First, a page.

• HR&K puts its faith in niche team

    16-Jul-1996

    City firm Harris Rosenblatt & Kramer has absorbed the banking and finance department of Bromley firm Hill Bailey.Under an unusual arrangement, the department will still operate in Hill Bailey's offices as a satellite of the City firm.HR&K will gain a new portfolio of clients, mostly mortgage companies, and seven fee earners. None of the Hill Bailey practitioners will be ...

  • In brief: Business strategist leaves Binder Hamlyn

    16-Jul-1996

    Solicitor Linda Packard has left management consultants Binder Hamlyn to head the legal consulting activity of The David Andrews Partnership, part of Grant Thornton. She specialises in advising law firms on all areas of business strategy. She will be joined by ex-BT information technology consultant Tim Lavender who will focus on telecommunications.

  • In brief: Donn & Co takes on might of US Army

    16-Jul-1996

    A team of lawyers from Manchester firm Donn & Co is taking on the US Army in Atlanta this week. Senior partner Raymond Donn, partner Hilary Meredith and legal executive Nicky Hunt are fighting for compensation after UK soldiers were involved in a fatal crash in 1993. One soldier was killed and 13 others were seriously injured in the accident. The driver, an American soldier, was found to be over the drink-driving limit and was sentenced to two years for vehicular homicide.

  • In brief: Former Herbert Smith staff reunited

    16-Jul-1996

    Claire Vane, former head of human resources at Herbert Smith, now with legal recruitment agency ZMB, is being joined by her old number two at the firm, Charles Dodds. Vane and Dodds will be responsible for establishing a new offshoot at the agency which will specialise in recruiting non-legal staff for law firms in areas such as finance, IT and marketing. The new operation will eventually recruit staff for clients beyond the legal profession.

  • In brief: Handbook points to management flaws

    16-Jul-1996

    Allen & Overy is a major contributor to a new book which offers guidance on how best to manage professional firms. The Professional Partnership Handbook argues that many managing partners "have not always had the opportunity to acquire the range of skills required to run a successful business". Published by Tolleys, the book tackles human resource management, decision making and the liabilities ...

  • In brief: LAB rapped over correspondence handling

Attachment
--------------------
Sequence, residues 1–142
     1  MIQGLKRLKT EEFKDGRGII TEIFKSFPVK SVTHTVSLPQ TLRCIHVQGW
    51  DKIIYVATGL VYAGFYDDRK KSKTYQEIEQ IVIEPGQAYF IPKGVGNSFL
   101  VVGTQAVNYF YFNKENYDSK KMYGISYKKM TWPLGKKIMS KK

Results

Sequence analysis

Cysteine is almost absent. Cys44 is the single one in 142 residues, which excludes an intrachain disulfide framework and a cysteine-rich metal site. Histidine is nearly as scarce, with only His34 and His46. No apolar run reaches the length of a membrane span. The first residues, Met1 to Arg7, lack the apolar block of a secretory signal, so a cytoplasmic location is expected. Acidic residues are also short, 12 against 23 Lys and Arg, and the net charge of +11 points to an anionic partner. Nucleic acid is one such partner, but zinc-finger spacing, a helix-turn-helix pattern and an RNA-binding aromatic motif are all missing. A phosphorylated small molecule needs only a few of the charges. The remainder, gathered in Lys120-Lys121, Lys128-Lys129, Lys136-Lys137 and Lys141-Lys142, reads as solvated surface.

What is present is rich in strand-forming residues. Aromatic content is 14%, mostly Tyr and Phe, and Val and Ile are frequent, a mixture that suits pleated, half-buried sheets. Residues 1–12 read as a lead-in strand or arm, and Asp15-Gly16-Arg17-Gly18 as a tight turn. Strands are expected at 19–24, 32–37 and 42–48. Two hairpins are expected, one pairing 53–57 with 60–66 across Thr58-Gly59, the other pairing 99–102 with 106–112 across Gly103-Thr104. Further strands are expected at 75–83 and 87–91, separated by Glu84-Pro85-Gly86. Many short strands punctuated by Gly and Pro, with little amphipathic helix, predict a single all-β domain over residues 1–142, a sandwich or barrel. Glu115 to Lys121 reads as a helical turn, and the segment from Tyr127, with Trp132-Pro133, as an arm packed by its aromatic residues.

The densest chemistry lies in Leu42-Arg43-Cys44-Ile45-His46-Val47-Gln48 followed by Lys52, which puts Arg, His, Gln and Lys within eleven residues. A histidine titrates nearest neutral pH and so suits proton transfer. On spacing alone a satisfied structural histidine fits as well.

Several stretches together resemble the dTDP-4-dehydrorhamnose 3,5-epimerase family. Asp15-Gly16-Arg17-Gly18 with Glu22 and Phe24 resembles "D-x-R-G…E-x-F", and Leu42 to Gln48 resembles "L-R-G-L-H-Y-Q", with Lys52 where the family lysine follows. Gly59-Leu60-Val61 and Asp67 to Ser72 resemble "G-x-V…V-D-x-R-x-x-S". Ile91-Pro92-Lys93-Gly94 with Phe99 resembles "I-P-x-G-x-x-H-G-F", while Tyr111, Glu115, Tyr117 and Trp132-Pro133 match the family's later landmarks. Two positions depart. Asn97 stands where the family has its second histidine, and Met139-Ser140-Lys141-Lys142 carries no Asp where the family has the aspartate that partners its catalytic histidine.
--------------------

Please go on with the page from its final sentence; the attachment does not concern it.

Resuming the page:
16-Jul-1996

    The Parliamentary Ombudsman, Sir William Reid, has criticised the Legal Aid Board's handling of correspondence. Referring to a complaint that the LAB was evasive and dishonest in its handling of solicitors' correspondence, he said last week: "Delays occurred in associating letters with the file and in replying to correspondence, and points raised by the solicitors, were not answered in sufficient detail." But he rejected the notion that the LAB acted dishonestly: "Although ...

  • In brief: Law Commission evidence proposals

    16-Jul-1996

    The Law Commission has proposed changes to evidence given in court about a defendants previous misconduct. Criminal lawyers will have until the 31 October 1996 to provide feedback on the commission's proposal that a defendant should be given protection against the introduction of evidence of bad character.

  • In brief: Legal pay survey released

    16-Jul-1996

    The head of a legal department at a major stock market company commands a total pay package of around £95,000, according to a survey compiled by recruitment advisers Taylor Root. Remuneration for a top in-house legal averages £80,000 basic salary and £15,000 in perks and their pay has risen by 4.82 per cent. The market for in-house lawyers has grown strongly with 23 per cent of the survey's respondents indicating they expect to increase the size of their legal ...

  • In brief: Saints solicitor scores as FA chair

    16-Jul-1996

    Southampton solicitor Keith Wiseman has been elected chair of the Football Association, the most powerful position in English football. Wiseman will remain senior partner of Southampton litigation and advocacy practice Woodford & Ackroyd, he specialises in family child care litigation. He was formerly vice-chair of Southampton Football Club, also known as The Saints. Wiseman was not seen as a likely contender as the FA chair and his election, in the third round of voting, came as a ...

  • In brief: Scots multi-party actions recommended

    16-Jul-1996

    The Scottish Law Commission has recommended that a multi-party action procedure be introduced in the Scottish courts. Parties who opt into the group proceedings would be bound by the results on the common questions and would be liable to contribute to the expenses of the litigation. The scheme would initially be introduced in the Court of Session and may later be extended to the Sheriff Court. Kenneth Pritchard, secretary of the Law Society of Scotland, said he very much welcomed the ...

  • Inquest news to aid grieving families

    16-Jul-1996

    John Malpas reportsA CIVIL liberties barrister who provides families with free representation at inquests has launched a new bulletin detailing developments in inquest law.Leslie Thomas, of 2 Garden Court, plans to regularly update the newsletter Recent Developments in Inquest Law which he has produced in conjunction with Inquest, a support group to help the families of people who die in controversial circumstances.Included in the first ...

  • Investment for the future

    16-Jul-1996

    Behind the unassuming Georgian frontage in a genteel part of Edinburgh which was once home to Sir Walter Scott, is a bespoke information technology system which plays an integral part in the management of £180 million of investment funds.Murray Beith Murray WS was established in Edinburgh in 1849, and like other Scottish law firms has developed as a practice where the lawyers are men (and women) of business as well as advisers on the law.Murrays partner ...

  • IT Books update

    16-Jul-1996